|Updated: 28-Nov-2006||NATO Speeches|
27 Nov. 2006
by NATO Secretary General Jaap de Hoop Scheffer
Madame President, Prof. Freibergs
It is a great pleasure for Mrs de Hoop Scheffer and me to be here today at this international think tank conference.
Let me sincerely thank the German Marshall Fund, the Latvian Transatlantic Organisation, the Commission of Strategic Analysis, and NATO’s Public Diplomacy Division for setting up this most impressive gathering, and President Vike-Freiberga for hosting this Gala Dinner in such an exquisite venue.
I think that a special word of gratitude to Craig Kennedy, Ron Asmus and the German Marshall Fund is in order here. There is simply no other major think thank that has done more to foster a strong and healthy transatlantic relationship.
For example, the Brussels Forum has become an indispensable transatlantic marketplace for ideas. And the success of the previous think tank conferences at our recent Summits has already turned this format into a cherished tradition. In addition to their political dimension, NATO Summits now also have a very strong public diplomacy dimension, and this is not least due to the strong engagement by the GMF in Istanbul and now in Riga.
Let me also say how much I appreciate to be among so many distinguished guests.
I am a strong believer in the interaction between the practitioners on the one hand and think tanks and academia on the other. Our security environment is far too complex to believe that the practitioners could simply rely on their own experience. Without the expertise – and the occasional provocation – provided by think tanks, we practitioners would quickly lose our edge. We depend on the steady stream of fresh ideas, even if we don’t always admit it.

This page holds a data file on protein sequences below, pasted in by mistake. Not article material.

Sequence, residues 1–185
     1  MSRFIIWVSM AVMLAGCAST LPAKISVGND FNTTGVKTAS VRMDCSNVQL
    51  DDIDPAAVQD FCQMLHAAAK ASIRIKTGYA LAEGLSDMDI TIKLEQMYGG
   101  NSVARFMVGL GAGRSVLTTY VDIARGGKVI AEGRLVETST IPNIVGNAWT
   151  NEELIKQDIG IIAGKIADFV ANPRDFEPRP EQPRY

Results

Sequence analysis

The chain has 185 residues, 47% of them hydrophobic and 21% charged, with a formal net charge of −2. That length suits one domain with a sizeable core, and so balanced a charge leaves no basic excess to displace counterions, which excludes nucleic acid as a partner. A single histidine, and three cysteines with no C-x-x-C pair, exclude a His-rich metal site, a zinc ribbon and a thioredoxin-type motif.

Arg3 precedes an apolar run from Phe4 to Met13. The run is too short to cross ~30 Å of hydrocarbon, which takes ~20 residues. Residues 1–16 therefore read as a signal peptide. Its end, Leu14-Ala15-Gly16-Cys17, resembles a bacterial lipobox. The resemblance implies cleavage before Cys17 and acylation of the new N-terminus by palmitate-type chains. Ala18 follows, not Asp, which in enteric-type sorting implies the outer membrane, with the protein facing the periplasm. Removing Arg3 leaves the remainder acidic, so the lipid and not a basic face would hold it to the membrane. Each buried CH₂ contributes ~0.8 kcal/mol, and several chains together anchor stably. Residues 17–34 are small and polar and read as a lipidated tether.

I took on the job as Secretary General three years ago.
And from my first day in office I have pushed for a broader political dialogue among the Allies. My reasoning was – and remains – that only through a culture of frank political dialogue will this Alliance remain strong and vibrant.
Tomorrow, in my keynote speech, I will lay out how I see NATO evolve beyond the Riga Summit. For now, let me simply say that the organisers have chosen a most relevant title for this conference - “A Transforming NATO in a Global Era”. Clearly, NATO is not going to be the “gendarme du monde”.
Yet with missions and operations on three continents involving 50,000 troops, with new capabilities, and with new global partners, NATO is providing security in new ways and in new places. And with its commitment to dialogue, among Allies and with the think tank world, NATO is also acquiring the intellectual toolkit that it needs to prevail in an ever more complex security environment.
Ladies and Gentlemen,
If we are to exclude for a moment the venerable "Royal United Services Institute", which was founded by the Duke of Wellington as early as 1831, think tanks that deal with international security were a distinct innovation of the aftermath of World War Two. They were a feature of an emerging transatlantic community – just like NATO. And, like the Atlantic Alliance, they were based on the realisation that in order to survive, we needed to explore new approaches to organising security.
In a sense, therefore, we both are 20 th century creations adapting to respond to 21 st century requirements.
It is a difficult, challenging journey for us all. That iswhy we need to make that journey together.
I wish us all a stimulating exchange, interesting and even irreverent ideas, and a successful conference. And I look forward to the discussions following my keynote address tomorrow afternoon. Thank you.